Skip to main content

Potamogeton

Potamogeton (family Potamogetonaceae) A genus of water plants with creeping, sympodial rhizomes and erect, leafy branches, which are chiefly confined to fresh water. The leaves are alternate, simple or entire, and either all submerged or with some floating. Those with floating leaves tend to have broader leaves, while those with all the leaves submerged tend to have narrow leaves. This is believed to form a series in evolutionary terms from land-based to truly aquatic plants. The flowers are axillary or terminal spikes, and are inconspicuous. The parts are in fours. The fruit is a small, green to brown drupe or achene containing seeds. These seeds have no endosperm but contain air, allowing the fruit to float. The plants overwinter as the complete plant, or die back to the rhizome, or form special branches with tubers or winter buds. There are about 90 species, found throughout the world in a variety of aquatic habitats. Most species are edible, and provide food for many animals.

Cite this article
Pick a style below, and copy the text for your bibliography.

  • MLA
  • Chicago
  • APA

"Potamogeton." A Dictionary of Plant Sciences. . Encyclopedia.com. 21 Oct. 2018 <http://www.encyclopedia.com>.

"Potamogeton." A Dictionary of Plant Sciences. . Encyclopedia.com. (October 21, 2018). http://www.encyclopedia.com/science/dictionaries-thesauruses-pictures-and-press-releases/potamogeton

"Potamogeton." A Dictionary of Plant Sciences. . Retrieved October 21, 2018 from Encyclopedia.com: http://www.encyclopedia.com/science/dictionaries-thesauruses-pictures-and-press-releases/potamogeton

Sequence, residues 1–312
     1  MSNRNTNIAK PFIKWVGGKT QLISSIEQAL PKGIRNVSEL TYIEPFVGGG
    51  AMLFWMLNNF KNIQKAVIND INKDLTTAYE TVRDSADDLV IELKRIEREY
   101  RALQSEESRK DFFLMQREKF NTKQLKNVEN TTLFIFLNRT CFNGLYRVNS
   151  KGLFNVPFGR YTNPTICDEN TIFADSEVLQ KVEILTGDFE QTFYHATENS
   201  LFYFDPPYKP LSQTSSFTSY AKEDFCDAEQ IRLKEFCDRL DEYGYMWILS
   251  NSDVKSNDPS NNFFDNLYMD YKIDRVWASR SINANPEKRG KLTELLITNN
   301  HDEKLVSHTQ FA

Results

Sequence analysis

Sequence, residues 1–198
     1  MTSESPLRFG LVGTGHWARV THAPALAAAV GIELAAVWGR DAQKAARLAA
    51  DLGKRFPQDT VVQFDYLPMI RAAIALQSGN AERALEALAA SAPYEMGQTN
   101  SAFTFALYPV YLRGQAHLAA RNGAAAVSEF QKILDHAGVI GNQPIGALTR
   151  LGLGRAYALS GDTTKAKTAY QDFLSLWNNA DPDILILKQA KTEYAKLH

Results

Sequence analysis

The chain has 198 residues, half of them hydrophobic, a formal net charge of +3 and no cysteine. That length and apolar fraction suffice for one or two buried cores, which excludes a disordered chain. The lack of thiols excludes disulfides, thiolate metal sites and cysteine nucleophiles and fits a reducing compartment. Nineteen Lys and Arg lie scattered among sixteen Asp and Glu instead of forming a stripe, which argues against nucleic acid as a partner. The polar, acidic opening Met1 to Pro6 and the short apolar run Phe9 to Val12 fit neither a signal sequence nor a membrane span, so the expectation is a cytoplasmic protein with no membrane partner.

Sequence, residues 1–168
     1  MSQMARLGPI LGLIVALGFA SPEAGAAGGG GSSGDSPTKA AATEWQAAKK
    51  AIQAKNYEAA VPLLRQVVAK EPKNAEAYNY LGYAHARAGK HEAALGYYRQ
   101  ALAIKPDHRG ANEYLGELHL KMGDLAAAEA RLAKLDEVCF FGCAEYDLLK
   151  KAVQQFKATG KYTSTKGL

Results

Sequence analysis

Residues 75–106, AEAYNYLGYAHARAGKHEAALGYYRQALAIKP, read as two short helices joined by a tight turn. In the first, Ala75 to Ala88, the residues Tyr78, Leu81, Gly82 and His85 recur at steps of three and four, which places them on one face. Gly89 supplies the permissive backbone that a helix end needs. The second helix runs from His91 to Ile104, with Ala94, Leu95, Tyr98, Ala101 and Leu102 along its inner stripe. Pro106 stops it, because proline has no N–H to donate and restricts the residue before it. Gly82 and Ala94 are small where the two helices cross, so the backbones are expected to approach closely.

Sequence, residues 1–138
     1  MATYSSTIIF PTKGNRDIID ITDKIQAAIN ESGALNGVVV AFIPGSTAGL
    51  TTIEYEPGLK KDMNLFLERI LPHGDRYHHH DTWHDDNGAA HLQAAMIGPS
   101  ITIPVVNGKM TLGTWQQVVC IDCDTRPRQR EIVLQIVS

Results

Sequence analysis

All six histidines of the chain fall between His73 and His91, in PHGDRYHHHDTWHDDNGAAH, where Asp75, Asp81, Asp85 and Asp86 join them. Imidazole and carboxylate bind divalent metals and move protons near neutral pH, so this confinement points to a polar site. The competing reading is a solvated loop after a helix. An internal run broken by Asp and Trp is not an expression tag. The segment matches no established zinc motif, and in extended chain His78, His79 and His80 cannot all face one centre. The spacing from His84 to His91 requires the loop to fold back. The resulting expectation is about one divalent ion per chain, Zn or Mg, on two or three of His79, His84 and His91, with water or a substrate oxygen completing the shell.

Learn more about citation styles

Citation styles

Encyclopedia.com gives you the ability to cite reference entries and articles according to common styles from the Modern Language Association (MLA), The Chicago Manual of Style, and the American Psychological Association (APA).

Within the “Cite this article” tool, pick a style to see how all available information looks when formatted according to that style. Then, copy and paste the text into your bibliography or works cited list.

Because each style has its own formatting nuances that evolve over time and not all information is available for every reference entry or article, Encyclopedia.com cannot guarantee each citation it generates. Therefore, it’s best to use Encyclopedia.com citations as a starting point before checking the style against your school or publication’s requirements and the most-recent information available at these sites:

Modern Language Association

http://www.mla.org/style

The Chicago Manual of Style

http://www.chicagomanualofstyle.org/tools_citationguide.html

American Psychological Association

http://apastyle.apa.org/

Notes:
  • Most online reference entries and articles do not have page numbers. Therefore, that information is unavailable for most Encyclopedia.com content. However, the date of retrieval is often important. Refer to each style’s convention regarding the best way to format page numbers and retrieval dates.
  • In addition to the MLA, Chicago, and APA styles, your school, university, publication, or institution may have its own requirements for citations. Therefore, be sure to refer to those guidelines when editing your bibliography or works cited list.